As part of National Police Week, the service was held in remembrance of officers and deputies who were killed in the line of duty in Washington, Benton and Madison Counties.
"This specific day, since 1962, is dedicated to honor those who have paid the ultimate price," Washington County Prosecutor John Threet told the crowd.
Myrrah Mueller lost her husband, West Fork Police Chief Paul H. Mueller, in 1981.
"There's not a day goes that I don't think about him," she says.
Deputy Rolland Pete Williamson, with the Washington County Sheriff's Office, was killed in the line of duty in November of 1995.
His mom Renate says her son was a stand-up guy.
"He'd do anything for anybody," she says.
Despite losing Rolland 17 years ago, Renate says the pain hasn't gone away.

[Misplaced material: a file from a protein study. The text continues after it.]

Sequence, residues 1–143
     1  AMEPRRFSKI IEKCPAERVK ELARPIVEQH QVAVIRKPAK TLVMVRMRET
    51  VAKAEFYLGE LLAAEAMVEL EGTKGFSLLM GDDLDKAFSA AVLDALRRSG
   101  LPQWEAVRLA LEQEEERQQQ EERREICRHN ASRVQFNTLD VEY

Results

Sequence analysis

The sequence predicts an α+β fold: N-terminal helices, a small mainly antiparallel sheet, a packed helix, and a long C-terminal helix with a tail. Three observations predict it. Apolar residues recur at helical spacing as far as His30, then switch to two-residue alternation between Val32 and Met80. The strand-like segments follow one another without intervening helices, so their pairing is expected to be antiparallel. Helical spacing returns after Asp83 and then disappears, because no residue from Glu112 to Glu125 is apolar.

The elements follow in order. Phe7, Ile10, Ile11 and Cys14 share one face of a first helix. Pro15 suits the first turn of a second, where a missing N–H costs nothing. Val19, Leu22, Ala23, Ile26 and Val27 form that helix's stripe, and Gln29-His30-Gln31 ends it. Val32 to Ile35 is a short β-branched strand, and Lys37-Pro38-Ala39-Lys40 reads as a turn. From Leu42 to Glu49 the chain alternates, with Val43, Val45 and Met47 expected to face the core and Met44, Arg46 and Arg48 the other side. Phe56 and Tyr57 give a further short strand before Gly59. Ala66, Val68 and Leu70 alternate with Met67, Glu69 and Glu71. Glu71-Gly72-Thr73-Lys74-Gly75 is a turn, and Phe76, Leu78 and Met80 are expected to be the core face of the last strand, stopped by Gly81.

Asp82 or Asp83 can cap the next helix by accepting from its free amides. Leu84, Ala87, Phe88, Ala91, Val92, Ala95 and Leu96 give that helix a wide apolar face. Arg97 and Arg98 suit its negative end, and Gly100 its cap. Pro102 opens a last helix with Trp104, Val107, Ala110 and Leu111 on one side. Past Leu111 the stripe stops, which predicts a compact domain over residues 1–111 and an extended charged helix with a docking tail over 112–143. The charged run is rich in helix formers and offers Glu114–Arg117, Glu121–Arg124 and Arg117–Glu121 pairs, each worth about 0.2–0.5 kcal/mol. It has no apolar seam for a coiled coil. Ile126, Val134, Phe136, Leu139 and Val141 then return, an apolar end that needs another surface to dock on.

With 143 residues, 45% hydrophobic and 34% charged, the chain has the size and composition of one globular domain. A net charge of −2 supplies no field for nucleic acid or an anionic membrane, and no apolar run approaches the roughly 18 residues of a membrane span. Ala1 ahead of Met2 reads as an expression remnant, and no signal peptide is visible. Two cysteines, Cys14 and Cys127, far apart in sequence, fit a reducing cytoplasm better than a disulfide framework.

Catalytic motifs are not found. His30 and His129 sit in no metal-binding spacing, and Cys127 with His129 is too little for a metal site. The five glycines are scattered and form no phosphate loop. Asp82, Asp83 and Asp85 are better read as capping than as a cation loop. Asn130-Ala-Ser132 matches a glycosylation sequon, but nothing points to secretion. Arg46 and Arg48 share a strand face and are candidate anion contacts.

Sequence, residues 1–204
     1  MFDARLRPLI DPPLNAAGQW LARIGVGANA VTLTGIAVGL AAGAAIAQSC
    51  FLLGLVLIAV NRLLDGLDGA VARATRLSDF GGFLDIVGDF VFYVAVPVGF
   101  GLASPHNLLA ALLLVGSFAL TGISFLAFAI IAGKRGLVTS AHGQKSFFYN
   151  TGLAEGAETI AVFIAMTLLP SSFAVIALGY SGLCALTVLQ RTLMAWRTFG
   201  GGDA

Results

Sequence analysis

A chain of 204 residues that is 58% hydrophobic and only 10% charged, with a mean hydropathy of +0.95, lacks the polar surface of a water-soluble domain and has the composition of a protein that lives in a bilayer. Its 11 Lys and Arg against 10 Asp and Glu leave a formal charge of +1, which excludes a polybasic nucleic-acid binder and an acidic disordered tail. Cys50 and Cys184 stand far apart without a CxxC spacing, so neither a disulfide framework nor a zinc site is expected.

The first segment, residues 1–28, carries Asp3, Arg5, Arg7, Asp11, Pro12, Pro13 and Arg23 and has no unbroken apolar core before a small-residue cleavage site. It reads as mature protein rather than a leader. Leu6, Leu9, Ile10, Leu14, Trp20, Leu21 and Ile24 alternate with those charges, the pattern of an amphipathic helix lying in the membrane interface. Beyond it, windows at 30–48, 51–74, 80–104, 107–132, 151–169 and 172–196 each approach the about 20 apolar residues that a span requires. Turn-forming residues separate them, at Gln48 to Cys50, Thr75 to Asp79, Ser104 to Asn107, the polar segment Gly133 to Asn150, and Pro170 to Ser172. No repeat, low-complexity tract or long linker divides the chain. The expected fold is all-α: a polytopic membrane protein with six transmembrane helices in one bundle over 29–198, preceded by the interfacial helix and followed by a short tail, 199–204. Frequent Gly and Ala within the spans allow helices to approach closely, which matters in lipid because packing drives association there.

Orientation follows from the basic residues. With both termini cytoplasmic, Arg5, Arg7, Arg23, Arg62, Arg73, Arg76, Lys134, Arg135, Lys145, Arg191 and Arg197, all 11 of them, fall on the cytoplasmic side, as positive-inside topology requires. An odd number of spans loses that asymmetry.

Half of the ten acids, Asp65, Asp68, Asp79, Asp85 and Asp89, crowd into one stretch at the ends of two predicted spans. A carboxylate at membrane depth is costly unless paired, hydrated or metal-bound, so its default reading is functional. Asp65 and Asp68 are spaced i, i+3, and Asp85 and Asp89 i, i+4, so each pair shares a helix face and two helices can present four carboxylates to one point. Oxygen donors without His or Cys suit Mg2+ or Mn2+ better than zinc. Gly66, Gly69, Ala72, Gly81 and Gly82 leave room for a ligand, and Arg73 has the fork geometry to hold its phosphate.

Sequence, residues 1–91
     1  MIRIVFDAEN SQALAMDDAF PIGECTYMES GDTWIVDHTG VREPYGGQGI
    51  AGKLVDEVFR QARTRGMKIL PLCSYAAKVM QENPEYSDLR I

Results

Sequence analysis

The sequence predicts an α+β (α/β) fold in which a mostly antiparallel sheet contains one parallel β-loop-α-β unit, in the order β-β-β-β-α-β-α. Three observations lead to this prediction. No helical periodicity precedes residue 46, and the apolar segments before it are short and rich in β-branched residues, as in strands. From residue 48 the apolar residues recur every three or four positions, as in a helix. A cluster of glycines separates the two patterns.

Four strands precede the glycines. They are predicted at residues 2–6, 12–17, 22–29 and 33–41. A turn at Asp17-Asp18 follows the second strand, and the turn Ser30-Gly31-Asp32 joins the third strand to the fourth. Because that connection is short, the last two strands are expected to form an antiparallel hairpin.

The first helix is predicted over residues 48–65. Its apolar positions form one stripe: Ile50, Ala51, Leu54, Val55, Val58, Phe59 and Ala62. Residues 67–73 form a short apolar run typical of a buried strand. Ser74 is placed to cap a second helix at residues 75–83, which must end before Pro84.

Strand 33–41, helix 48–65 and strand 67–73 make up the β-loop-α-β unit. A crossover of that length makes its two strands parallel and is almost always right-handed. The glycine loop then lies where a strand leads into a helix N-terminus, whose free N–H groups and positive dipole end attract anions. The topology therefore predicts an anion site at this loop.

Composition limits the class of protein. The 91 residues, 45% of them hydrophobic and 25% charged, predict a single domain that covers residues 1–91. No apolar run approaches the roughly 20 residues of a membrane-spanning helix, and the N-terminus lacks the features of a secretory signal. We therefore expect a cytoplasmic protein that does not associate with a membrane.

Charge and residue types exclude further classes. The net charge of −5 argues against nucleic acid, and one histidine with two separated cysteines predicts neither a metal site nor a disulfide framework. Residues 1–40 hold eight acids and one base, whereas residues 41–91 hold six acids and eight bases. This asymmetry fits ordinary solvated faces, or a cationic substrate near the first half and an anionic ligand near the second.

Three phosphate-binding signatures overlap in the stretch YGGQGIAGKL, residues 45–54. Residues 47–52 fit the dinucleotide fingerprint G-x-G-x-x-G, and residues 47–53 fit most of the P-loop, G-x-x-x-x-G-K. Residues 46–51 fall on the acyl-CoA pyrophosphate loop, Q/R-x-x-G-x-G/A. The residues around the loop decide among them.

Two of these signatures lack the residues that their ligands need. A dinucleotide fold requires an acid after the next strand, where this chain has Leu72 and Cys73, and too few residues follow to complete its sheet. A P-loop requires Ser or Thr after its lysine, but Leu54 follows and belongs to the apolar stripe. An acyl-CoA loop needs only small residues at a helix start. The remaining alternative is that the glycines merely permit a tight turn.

"I wish he didn't get killed, you know, but we can't change that can we?" she says. "I deal with it every day."
But the families of these fallen officers know their loved ones didn't die in vain.
"We never forget that they gave their lives so that we would be protected," says Sue Hall.
Her father, Assistant Fayetteville Police Chief Elmo Richie, was killed in 1968.
It's a brave task bestowed upon all law enforcement officials. It's also something these families and all law agencies know is worth of the highest respect.
"They're always going to be there when they're called," Threet says.